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Cataloging Patches

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My collection has become large enough to be substantial, to my wife! So i have begun photographing and cataloging the patches for the day the inevatable arrives. Now I am wondering what information should be included. I have started taking photos of each patch front and back, my plan is to create a PDF of all of the patches to include the aforementioned pictures, a short description of the patch, Purchase price, current value. location in the ryker mounts ( I have the ryker mounts labeled with a quick description of the patches and a case number) What else should be included so if that dreadful day comes and I predecease my wife she gets fair market value from the collection?

Thanks in advance


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Well in my opinion even if it is all very well documented as to type era branch of service etc etc , when it comes time to sell the collection it really will depend on the market at the time and if you can find a "reputable" dealer or a "true" collector that will be honest enough to pay you(her) what it is really worth , you know a "dealer" will underbid by a fairly large percentage , the better "sell" will be to a collector , but again that will depend on the market and the "Interest" of the collector on what he will be willing to pay reguardless of "value" .And you'll come up against the "cherry pickers" too that will only want "specific" items and not the whole collection,another thing you'll need to be prepared for.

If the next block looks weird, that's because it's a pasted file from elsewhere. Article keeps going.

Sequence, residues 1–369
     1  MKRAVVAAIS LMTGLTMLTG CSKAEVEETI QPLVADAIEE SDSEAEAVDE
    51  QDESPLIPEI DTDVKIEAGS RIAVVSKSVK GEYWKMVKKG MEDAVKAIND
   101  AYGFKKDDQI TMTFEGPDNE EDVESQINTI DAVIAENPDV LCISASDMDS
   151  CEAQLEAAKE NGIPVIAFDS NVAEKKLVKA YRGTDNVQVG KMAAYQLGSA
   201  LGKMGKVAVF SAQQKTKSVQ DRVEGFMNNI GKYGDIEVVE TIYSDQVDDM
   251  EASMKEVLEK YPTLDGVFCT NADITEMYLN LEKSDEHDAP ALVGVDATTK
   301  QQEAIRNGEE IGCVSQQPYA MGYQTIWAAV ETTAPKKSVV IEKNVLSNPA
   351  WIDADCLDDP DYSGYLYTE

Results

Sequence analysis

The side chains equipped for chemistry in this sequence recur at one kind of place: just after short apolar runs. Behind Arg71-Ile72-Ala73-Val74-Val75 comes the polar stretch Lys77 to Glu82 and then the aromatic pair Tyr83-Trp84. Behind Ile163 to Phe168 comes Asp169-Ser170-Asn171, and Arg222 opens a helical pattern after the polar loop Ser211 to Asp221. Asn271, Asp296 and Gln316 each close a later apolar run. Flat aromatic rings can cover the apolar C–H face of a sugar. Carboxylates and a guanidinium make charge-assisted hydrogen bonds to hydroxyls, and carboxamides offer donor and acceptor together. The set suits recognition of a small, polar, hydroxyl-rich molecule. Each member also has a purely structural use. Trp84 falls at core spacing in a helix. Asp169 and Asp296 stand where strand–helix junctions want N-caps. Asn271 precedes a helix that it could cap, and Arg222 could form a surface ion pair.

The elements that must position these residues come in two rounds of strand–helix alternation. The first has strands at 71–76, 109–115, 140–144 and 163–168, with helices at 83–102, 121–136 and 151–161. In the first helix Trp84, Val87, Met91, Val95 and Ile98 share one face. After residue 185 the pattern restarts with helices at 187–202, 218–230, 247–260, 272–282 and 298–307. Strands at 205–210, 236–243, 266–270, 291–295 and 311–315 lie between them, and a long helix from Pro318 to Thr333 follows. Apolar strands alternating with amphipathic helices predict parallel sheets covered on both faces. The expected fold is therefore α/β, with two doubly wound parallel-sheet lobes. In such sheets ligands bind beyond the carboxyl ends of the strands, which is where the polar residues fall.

I had a fairly large and good patch collection I had to sell and all the supposed "collectors" didn't want to pay anywhere near the real value , so when/if that time comes I do wish you very good luck on the sale .


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To piggy back on what Johnny said. If possible contact a few reputable dealers or collectors now and see if you can name them as points of contact for your spouse if so maybe even make some introductions so when the time comes everyone is not a stranger. Sounds like you are doing the hard work of identification, initial investment cost etc. You may also consider sorting E Bay and or similar sources for completed sales to see average sale prices and update the value of each piece as required every 6 months or year.

ASMIC 1729





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Thanks to both of you, please keep the comments coming, I do know a few reputable dealers to handle this. (I think)